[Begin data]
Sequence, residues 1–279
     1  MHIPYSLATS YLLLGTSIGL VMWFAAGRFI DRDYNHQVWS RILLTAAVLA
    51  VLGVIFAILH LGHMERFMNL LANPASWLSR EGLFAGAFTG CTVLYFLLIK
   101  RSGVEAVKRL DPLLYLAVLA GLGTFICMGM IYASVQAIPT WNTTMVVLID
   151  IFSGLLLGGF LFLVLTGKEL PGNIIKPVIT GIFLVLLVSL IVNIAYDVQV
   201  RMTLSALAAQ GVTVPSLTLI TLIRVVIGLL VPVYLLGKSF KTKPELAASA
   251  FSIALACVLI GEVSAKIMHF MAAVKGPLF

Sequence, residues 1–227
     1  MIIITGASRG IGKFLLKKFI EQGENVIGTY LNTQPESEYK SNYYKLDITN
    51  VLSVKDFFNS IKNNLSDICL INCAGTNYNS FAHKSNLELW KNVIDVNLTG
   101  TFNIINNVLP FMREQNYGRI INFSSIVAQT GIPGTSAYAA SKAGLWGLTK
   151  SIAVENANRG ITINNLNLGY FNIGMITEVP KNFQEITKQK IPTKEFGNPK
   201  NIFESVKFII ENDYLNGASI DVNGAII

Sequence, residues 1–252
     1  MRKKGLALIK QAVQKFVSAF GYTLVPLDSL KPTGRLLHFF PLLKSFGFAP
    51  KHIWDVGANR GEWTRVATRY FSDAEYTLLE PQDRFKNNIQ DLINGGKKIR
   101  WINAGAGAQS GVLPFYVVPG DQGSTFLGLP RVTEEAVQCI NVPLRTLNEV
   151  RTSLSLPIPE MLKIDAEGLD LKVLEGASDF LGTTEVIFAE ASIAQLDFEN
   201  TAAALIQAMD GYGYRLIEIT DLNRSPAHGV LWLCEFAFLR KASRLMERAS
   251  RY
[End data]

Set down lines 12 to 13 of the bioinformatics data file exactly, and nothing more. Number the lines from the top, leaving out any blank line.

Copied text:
   151  SIAVENANRG ITINNLNLGY FNIGMITEVP KNFQEITKQK IPTKEFGNPK
   201  NIFESVKFII ENDYLNGASI DVNGAII